• 0 avatar
        APaGttH

        Really good point @PrincipalDan

      • 0 avatar
        zerofoo

        It’s not the government’s job to encourage or create stable product portfolios and strategies for private companies.

        It is also not the government’s job to bail out these private companies.

        Let’s not create more bad policies to cover other bad policies.

    • 0 avatar
      epc

      I read in the history books that your proposal was tried in the 60s and the 70s, and it didn’t work out too well for us. Our air and water were as bad as they are in China now, and the OPEC wrecked our economy.

      Any reason why it might be different this time around? The Arabs are nicer? The big auto / oil companies more altruistic and less quarterly-reports-focused?

      • 0 avatar
        WheelMcCoy

        @epc – “history books”

        What are those? Oh, I get it… they contain the mistakes we keep repeating.

      • 0 avatar
        zerofoo

        “Any reason why it might be different this time around?”

        Yup.

        Fracking – we produce far more oil now than we did in the 70s. OPEC doesn’t have the stranglehold it once had.

        Electric cars and hybrids are far more available now than they were then.

        Technological progress – much of the tech in today’s cars was not the result of government mandate.

        We are at a point of diminishing returns with regards to auto regulations. Making cars safer tends to make them heavier which hurts fuel economy – making different government requirements somewhat at odds with each other.

        How did the government come up with the 50 MPG requirement? Was it just a nice sounding number? Is it possible with readily available technology?

        I think the government has a burden of proof here. If the government can PROVE that these targets are attainable with reasonably implementable and affordable technology – then maybe the government can set those targets.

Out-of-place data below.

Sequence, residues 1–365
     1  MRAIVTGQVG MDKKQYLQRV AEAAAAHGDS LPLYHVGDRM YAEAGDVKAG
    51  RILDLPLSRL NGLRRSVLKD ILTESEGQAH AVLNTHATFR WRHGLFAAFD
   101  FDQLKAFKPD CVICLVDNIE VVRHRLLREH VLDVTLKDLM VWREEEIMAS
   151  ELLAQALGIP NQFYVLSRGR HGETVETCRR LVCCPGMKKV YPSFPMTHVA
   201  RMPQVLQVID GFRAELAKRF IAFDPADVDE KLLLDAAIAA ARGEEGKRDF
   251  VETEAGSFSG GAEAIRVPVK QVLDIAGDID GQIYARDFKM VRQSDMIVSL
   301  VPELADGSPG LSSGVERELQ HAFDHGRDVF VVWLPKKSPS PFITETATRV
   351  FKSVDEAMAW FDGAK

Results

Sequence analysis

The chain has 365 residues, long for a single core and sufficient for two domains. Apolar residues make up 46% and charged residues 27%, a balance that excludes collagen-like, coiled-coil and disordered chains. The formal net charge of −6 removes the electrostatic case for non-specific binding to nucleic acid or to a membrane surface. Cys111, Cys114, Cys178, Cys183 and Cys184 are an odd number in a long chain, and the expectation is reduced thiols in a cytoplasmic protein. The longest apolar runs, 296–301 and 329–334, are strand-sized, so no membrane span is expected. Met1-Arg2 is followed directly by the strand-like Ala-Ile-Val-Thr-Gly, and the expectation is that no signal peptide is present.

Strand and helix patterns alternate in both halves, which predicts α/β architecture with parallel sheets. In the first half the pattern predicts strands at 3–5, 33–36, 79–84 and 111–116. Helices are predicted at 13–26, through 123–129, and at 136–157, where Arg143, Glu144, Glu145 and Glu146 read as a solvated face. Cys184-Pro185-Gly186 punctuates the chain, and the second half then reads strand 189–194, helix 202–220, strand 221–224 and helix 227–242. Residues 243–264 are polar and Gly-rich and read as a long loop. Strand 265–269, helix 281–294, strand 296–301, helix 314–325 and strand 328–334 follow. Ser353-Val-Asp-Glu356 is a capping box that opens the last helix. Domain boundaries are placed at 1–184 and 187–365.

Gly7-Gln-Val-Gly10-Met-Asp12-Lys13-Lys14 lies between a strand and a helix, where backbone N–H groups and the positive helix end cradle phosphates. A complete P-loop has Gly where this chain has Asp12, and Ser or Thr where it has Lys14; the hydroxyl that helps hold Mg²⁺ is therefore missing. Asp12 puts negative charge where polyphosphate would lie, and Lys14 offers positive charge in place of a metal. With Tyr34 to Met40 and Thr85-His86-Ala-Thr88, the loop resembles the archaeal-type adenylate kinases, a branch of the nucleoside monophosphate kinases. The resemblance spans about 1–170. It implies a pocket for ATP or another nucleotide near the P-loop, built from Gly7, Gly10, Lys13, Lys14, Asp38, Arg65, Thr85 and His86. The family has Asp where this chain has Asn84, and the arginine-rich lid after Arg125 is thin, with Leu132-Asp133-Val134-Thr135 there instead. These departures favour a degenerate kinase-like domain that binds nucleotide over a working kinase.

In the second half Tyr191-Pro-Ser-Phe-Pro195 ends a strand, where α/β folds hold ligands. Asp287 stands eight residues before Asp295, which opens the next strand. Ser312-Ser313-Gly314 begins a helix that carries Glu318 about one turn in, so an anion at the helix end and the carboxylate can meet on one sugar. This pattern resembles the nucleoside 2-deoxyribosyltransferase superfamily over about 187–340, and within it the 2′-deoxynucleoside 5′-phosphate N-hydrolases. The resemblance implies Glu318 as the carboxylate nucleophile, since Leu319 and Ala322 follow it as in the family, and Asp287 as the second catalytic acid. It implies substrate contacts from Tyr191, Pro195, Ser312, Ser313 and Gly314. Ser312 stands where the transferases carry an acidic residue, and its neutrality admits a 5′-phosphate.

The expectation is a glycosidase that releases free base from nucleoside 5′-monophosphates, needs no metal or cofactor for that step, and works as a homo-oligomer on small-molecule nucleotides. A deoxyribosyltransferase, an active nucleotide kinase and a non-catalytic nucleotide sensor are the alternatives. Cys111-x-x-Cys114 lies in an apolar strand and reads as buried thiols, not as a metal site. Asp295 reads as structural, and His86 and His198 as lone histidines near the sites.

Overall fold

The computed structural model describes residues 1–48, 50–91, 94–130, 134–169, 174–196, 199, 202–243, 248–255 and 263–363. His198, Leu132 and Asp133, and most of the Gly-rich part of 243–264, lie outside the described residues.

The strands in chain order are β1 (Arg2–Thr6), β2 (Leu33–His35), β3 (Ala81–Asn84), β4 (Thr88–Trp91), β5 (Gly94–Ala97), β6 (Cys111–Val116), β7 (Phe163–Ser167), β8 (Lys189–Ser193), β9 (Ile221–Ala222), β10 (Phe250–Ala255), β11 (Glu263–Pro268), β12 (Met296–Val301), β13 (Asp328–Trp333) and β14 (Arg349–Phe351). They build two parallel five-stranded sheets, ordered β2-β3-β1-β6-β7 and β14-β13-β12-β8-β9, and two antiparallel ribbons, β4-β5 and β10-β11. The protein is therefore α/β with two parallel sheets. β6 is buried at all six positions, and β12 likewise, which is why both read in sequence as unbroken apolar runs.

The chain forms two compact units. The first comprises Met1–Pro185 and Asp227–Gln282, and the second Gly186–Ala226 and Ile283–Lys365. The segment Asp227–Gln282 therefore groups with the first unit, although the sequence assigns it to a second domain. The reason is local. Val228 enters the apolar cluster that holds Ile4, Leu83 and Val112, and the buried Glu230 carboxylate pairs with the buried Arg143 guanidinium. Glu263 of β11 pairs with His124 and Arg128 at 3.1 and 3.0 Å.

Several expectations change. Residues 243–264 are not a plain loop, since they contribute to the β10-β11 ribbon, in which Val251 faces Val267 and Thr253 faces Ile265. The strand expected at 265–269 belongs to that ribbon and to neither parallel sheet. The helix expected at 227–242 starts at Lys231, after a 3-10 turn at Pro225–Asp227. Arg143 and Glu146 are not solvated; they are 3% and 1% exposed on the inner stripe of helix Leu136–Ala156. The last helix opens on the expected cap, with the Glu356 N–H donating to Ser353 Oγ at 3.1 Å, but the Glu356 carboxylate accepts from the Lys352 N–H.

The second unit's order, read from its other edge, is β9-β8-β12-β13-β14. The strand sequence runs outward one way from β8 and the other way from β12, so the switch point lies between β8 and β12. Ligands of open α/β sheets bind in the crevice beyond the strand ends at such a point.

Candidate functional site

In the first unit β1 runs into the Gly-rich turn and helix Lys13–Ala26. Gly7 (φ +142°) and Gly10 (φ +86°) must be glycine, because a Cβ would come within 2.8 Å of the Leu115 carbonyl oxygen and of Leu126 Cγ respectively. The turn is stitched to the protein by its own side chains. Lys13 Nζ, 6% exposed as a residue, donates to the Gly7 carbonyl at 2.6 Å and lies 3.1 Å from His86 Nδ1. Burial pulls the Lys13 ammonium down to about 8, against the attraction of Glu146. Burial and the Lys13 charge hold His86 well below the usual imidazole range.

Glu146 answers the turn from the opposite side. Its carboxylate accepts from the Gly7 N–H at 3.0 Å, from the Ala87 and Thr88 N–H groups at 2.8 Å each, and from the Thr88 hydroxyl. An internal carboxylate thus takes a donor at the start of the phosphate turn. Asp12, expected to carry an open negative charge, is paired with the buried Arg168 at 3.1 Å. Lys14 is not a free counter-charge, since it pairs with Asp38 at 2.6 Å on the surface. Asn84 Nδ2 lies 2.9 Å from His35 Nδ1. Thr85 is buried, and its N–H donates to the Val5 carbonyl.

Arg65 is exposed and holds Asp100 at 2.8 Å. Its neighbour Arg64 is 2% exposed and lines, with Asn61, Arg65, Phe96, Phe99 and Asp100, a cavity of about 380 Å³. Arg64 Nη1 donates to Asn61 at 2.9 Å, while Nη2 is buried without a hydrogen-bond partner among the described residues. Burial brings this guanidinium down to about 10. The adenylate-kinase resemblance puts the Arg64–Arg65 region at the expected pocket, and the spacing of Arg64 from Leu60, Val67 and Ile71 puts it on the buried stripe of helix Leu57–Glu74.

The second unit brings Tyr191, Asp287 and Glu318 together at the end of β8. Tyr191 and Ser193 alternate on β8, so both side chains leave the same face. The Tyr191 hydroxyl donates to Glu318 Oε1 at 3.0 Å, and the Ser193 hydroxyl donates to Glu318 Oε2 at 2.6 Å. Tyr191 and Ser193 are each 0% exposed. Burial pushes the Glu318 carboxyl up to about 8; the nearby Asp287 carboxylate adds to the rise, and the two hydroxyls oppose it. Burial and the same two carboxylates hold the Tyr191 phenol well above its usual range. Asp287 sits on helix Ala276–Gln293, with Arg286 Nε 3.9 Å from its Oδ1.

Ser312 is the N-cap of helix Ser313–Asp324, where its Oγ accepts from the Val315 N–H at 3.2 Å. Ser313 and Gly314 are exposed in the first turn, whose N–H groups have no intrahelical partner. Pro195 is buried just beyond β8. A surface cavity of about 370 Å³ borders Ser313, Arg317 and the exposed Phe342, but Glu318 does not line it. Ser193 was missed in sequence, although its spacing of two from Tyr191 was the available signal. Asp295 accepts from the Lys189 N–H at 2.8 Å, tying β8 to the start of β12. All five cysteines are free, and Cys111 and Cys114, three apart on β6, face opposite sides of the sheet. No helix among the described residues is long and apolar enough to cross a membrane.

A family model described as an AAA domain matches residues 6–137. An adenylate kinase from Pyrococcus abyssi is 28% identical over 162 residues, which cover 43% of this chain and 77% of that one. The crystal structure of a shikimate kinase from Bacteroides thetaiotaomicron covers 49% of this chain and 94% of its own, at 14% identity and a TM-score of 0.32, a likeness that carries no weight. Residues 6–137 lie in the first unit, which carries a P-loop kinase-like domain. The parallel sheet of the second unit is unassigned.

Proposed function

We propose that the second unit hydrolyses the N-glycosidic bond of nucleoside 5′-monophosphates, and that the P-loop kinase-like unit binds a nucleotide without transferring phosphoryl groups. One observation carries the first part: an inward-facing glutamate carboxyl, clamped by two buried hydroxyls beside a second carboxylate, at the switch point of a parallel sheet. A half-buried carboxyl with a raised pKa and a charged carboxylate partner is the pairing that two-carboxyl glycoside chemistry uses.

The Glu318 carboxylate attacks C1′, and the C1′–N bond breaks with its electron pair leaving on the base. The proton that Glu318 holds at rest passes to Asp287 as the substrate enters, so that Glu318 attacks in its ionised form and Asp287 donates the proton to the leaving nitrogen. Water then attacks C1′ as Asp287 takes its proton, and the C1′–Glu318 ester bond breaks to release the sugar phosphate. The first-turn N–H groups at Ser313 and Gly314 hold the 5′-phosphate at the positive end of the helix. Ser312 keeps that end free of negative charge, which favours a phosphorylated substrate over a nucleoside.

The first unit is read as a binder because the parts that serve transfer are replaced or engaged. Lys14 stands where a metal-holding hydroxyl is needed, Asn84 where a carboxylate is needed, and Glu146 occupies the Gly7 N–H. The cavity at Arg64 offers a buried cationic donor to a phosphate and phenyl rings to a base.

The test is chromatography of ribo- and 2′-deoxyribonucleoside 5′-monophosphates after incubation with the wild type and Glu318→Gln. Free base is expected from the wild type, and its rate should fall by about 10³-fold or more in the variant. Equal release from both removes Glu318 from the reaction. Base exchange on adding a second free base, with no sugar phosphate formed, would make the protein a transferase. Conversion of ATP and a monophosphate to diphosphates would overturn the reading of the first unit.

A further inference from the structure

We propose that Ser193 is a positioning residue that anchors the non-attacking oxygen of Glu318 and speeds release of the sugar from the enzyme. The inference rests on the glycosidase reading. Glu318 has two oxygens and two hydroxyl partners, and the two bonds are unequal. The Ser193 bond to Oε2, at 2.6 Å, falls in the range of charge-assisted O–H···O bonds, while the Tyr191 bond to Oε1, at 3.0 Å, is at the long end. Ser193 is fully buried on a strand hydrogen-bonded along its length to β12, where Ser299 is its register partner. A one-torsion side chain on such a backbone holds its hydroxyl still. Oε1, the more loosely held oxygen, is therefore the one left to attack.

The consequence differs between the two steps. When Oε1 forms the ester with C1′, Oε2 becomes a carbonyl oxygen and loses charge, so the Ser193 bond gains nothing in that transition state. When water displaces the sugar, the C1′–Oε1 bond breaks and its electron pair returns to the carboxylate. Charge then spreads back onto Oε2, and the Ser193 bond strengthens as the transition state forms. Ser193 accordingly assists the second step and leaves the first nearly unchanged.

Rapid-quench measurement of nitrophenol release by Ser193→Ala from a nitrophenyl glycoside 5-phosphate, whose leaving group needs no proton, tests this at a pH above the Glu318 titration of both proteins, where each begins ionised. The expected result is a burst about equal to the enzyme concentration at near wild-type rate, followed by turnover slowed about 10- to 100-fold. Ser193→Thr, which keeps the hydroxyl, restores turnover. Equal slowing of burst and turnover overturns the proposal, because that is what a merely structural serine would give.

• 0 avatar
          Vulpine

          “How did the government come up with the 50 MPG requirement? Was it just a nice sounding number? Is it possible with readily available technology?”

          Consider the Chevy Bolt. According to the window sticker, it gets 116mpge. If you put it opposite the Silverado pickup which stickers around 22mpg, selling two Bolts raises one Silverado to that 50mpge. Ergo, sell more BEVs than you do ICEVs. Fleet-wide, if you estimate a 2:1 EV:ICE ratio, you would easily exceed that 50mpg CAFE requirement.

      • 0 avatar
        stuki

        That’s why free societies and pervasive, publicly funded indoctrination for all, can never go hand in hand…..

        A Hellcat sitting in a garage, doesn’t pollute any more than a Fiesta does. And neither does pollution somehow get worse with varying “footprint.”

        If simply burning gas cleanly pollutes, rational policy is to charge for burning gas. Not for building and selling things that sit in garages burning up nothing more than spec sheet fantasies.

        More realistically, since burning gas cleanly hasn’t polluted meaningfully since the automobile was perfected in the early ’90s, stick a sniffer on tailpipes to see how much each car really does pollute across load and speed ranges per mile. Them charge based on annual mileage. That way, you capture annual decay, and/or tampering with, pollution reducing equipment as well.

        CAFE, and absolutely anything resembling even the idea behind it, is just an insult, intended for no more than lobbyist welfare. Because of the “footprint” nonsense, it straight up encourages higher consumption vehicles.